What if he has a high leg transformer with a corner grounded instead of the center tap? His 120V loads would still work but he would have 120V on the "neutral". His readings would make sense except that he would have to be reading B relative to ground while measuring A and C relative to the "neutral".
Which is why I talked specifically said L-Ground measurements of 120V.
 

kwired

Electron manager
What if he has a high leg transformer with a corner grounded instead of the center tap? His 120V loads would still work but he would have 120V on the "neutral". His readings would make sense except that he would have to be reading B relative to ground while measuring A and C relative to the "neutral".
There is a possibility, the center tap would then be a floating ungrounded conductor , would still have 208 volts to B phase and 120 to A and C.

If you measured each conductor to ground you would have 240 on A and C, 0 on B, and 208 on the center tap.
 

kwired

Electron manager
This was not the main panel it was a sub panel(someone asked). I read it wrong being this is just one of a number of other projects im working on at this plant. Its 4 wire, b phase reading is 240v, A-B= 240, B-C= 240v, A-C= 240v, A- neutral = 120, b- neutral =240, c-neutral 120v. I never looked at main im assuming its wye, than hit a transformer to delta sub. Anyway, wired motor low voltage terminals and all worked just fine. Many thanks to all for the time and info. And no, I really didn't have a vast grasp on the delta system but now, I have a better understanding. It was marked black, orange, BLUE also.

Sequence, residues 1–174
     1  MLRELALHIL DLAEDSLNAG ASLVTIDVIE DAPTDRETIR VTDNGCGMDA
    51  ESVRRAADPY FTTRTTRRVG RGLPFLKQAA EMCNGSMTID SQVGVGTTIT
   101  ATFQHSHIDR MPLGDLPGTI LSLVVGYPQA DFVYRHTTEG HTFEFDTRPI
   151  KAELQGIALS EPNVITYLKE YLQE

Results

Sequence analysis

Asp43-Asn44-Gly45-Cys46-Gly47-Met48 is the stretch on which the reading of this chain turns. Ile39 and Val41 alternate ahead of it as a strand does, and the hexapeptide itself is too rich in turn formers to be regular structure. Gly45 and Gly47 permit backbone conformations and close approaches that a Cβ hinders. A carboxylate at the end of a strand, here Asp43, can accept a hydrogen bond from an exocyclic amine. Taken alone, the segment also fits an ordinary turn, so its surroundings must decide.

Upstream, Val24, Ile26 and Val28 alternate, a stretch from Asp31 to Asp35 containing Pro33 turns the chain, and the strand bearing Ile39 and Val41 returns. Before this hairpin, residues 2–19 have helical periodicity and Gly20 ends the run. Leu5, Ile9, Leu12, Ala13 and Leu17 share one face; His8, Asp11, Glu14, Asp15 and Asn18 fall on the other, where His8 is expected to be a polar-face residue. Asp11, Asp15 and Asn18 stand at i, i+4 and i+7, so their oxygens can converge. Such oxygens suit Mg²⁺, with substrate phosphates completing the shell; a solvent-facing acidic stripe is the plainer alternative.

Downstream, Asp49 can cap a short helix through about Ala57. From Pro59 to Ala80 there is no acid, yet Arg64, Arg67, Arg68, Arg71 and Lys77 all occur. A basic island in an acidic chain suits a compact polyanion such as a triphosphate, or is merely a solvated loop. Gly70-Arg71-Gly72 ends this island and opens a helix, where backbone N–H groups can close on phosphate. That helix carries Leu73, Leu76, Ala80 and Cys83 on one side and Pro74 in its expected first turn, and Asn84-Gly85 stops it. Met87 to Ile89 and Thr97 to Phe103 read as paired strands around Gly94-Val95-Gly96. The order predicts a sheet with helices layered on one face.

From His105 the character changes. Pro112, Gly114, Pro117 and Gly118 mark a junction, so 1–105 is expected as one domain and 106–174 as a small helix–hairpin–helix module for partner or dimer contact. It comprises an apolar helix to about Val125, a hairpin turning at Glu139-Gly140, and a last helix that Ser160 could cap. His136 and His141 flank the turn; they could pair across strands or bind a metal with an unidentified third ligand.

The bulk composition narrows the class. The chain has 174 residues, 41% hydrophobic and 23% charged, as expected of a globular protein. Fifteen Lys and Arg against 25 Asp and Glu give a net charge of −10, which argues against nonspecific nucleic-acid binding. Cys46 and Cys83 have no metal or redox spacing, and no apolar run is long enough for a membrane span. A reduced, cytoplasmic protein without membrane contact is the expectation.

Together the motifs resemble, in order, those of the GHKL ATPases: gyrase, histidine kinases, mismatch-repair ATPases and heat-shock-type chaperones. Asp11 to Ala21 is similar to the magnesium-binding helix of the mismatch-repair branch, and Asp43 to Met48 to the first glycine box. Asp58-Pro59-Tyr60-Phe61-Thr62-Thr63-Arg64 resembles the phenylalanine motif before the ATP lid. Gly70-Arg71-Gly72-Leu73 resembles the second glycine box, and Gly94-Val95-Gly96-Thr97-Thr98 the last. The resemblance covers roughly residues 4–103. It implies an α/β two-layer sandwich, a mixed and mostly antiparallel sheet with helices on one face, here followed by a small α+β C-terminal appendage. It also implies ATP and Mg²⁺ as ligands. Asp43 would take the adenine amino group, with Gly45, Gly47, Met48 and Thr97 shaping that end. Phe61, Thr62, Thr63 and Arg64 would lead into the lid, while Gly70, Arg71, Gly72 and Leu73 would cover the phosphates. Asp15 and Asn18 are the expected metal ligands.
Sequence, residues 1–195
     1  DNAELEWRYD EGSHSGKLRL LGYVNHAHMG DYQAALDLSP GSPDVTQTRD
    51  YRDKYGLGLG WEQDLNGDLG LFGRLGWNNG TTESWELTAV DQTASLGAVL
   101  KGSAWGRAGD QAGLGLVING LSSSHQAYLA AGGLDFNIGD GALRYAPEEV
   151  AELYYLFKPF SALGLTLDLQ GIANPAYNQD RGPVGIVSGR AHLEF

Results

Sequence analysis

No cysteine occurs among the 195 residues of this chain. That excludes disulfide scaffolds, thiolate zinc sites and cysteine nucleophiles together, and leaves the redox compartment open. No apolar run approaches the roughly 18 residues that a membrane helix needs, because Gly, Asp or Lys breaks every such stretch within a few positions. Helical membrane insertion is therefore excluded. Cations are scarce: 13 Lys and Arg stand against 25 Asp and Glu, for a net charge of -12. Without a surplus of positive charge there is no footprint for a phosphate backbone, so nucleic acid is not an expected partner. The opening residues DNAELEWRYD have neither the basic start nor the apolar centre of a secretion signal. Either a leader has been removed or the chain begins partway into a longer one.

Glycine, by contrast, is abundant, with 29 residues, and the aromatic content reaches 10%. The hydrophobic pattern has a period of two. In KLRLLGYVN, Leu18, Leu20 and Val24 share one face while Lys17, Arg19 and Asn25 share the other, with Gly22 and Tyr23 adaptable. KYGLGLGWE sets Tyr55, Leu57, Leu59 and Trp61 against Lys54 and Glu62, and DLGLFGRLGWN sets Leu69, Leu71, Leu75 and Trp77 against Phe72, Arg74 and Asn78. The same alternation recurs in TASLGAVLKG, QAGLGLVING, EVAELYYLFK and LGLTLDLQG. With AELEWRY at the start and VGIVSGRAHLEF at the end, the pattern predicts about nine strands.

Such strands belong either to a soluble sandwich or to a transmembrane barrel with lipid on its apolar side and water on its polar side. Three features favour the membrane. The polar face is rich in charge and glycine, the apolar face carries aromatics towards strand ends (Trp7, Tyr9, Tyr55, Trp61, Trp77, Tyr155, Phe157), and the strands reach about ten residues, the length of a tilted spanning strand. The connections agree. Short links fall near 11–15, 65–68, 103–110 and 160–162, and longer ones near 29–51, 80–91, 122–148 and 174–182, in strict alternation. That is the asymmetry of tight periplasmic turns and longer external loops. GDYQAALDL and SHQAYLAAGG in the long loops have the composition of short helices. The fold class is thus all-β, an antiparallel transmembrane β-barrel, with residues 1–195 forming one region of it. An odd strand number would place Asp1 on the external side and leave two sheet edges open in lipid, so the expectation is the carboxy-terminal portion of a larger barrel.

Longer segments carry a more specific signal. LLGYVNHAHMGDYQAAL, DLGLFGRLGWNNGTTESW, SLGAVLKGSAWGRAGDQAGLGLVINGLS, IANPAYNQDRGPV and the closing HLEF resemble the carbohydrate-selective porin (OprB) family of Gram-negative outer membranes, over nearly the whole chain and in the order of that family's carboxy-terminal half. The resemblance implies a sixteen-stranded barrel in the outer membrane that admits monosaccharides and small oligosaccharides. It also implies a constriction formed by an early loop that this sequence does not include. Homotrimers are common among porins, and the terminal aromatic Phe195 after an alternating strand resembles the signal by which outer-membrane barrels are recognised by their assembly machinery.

Motor worked just fine because it still sees 240 volts with 120 degree phase displacement between each input lead - it doesn't care what is grounded and what isn't grounded just wants correct input voltage.

Do you know this source is coming directly from a delta secondary? Maybe you have some phase conversion equipment involved throwing voltages off, though from my experiences I would expect even stranger readings then you have with phase conversion equipment, or maybe an autotransformer in the supply somewhere could also give unexpected readings, still is grasping at straws though as it should throw off more then just the one voltage reading.
 

ggunn

PE (Electrical), NABCEP certified
There is a possibility, the center tap would then be a floating ungrounded conductor , would still have 208 volts to B phase and 120 to A and C.

If you measured each conductor to ground you would have 240 on A and C, 0 on B, and 208 on the center tap.
What if A or C were the grounded phase? If he measured B to ground and A and C to the floating (actually it wouldn't be floating but 120V relative to ground) center tap, wouldn't he see the voltages he reported? I'm grasping at straws here trying to build a scenario that fits the allegedly observed facts.
 

ggunn

PE (Electrical), NABCEP certified
What if A or C were the grounded phase? If he measured B to ground and A and C to the floating (actually it wouldn't be floating but 120V relative to ground) center tap, wouldn't he see the voltages he reported? I'm grasping at straws here trying to build a scenario that fits the allegedly observed facts.
<stupid comment deleted>